Until last year, local telephone markets had been treated as natural monopolies and thus subject to regulation. The Telecommunications Act of 1996 (the "Act") seeks to introduce competition into these markets. One method the Act adopts to stimulate such competition is to mandate that incumbent local exchange carriers (LECs) provide access to their unbundled network elements (UNEs). UNEs are the building blocks of a local telephone network, such as loops and switches. In August of 1996, the Federal Communications Commission (FCC) issued its First Report and Order, which established a pricing rule for UNEs. The FCC's pricing rule sets the price for a UNE at its total element long-run incremental cost (TELRIC) plus a reasonable share of the incumbent LEC's forward-looking common costs. Mr. Sidak and Professor Spulber propose a pricing methodology to implement that rule based on a combination of what they call the market-determined efficient component-pricing rule (M-ECPR) and competitively neutral end-user charges. They assert that using the M-ECPR to price UNE access is more faithful to the language and intent of the Act than is the approach adopted by the FCC. They also maintain that the FCC misunderstood the efficient component-pricing rule when the agency rejected it as a basis of pricing UNEs After outlining their proposal for pricing UNEs, Mr. Sidak and Professor Spulber argue that the FCC's pricing rule is problematic because it prevents the incumbent LEC from recovering its total costs by denying any recovery of the LEC's historical costs and ensuring that it will not fully recover its forward-looking costs. The authors then respond to criticisms of the M-ECPR by various economists and refute assertions that the principal authors of the original efficient component-pricing rule rejected the M-ECPR in favor of TELRIC pricing for UNEs. Mr. Sidak and Professor Spulber conclude by warning that the FCC's pricing rule would discourage investment in local telecommunications networks and may eventually drive LECs into bankruptcy.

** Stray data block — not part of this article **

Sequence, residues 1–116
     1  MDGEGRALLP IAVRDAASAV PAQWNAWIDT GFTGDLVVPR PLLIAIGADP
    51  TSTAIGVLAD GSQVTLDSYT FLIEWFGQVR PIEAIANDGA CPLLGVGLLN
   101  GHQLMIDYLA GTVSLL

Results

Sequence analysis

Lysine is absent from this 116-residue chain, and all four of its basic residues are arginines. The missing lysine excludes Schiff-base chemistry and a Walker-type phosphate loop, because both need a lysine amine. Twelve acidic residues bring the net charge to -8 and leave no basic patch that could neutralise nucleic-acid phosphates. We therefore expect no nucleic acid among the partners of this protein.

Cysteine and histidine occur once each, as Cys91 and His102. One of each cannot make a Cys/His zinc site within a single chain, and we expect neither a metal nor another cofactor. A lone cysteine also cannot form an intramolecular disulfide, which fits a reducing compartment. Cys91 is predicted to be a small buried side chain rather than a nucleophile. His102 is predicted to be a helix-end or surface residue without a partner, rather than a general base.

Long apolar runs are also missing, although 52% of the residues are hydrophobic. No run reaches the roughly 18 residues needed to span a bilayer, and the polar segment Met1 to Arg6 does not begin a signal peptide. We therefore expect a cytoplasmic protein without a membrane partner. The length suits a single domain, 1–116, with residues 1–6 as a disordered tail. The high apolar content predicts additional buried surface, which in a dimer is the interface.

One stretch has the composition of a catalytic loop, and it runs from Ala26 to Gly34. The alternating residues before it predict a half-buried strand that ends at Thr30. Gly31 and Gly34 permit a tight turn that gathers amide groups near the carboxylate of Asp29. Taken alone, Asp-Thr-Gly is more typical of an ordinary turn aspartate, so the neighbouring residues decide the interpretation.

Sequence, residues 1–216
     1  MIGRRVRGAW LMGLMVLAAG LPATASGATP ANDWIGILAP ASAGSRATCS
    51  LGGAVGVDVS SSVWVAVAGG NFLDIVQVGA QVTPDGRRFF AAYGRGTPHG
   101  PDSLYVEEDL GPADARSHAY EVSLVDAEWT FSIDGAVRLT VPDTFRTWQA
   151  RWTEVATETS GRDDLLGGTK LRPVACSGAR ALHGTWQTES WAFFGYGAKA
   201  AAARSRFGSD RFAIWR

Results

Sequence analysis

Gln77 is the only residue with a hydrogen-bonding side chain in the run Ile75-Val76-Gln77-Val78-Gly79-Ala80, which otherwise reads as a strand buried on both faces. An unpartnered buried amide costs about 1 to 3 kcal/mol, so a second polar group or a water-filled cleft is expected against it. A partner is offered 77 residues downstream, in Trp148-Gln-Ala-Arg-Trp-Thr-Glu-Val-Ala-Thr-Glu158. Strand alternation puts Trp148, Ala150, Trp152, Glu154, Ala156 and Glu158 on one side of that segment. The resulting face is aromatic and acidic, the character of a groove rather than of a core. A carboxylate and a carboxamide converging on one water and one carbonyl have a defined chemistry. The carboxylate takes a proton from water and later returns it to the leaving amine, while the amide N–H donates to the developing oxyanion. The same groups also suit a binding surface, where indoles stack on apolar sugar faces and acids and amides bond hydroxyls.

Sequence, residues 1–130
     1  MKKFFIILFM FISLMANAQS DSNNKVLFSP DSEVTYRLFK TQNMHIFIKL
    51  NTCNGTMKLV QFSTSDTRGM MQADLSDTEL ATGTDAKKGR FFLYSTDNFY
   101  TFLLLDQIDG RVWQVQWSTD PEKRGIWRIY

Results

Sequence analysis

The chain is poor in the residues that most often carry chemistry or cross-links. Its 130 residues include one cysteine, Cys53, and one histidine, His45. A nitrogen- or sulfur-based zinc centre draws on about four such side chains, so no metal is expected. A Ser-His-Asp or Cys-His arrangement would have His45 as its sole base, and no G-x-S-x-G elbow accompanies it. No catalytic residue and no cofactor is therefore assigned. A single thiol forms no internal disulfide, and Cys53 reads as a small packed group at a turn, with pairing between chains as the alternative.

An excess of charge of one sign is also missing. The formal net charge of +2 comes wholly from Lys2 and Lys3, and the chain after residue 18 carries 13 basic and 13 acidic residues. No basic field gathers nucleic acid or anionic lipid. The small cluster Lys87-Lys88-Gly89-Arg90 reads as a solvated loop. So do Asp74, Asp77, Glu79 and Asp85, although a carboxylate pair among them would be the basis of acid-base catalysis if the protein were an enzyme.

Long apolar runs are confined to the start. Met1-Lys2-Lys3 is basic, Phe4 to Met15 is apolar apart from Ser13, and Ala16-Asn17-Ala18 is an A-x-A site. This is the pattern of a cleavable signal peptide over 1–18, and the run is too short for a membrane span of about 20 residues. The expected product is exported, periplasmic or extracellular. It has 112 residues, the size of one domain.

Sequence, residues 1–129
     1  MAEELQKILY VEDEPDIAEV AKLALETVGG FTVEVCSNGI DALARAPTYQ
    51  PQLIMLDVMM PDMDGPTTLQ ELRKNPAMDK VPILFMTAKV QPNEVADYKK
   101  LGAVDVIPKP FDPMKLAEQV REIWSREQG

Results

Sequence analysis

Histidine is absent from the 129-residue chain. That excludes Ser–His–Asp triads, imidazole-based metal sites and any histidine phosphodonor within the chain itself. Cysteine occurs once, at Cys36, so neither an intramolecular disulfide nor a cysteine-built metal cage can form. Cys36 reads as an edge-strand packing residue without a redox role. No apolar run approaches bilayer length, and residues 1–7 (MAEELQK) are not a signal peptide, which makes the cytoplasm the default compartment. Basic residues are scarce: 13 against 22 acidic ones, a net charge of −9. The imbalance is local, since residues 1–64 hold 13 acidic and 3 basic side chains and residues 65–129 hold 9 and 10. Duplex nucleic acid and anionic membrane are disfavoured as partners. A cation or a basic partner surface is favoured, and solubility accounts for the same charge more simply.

|Original language||English (US)|
|Number of pages||2|
|Journal||Columbia Law Review|
|State||Published - May 1 1997|
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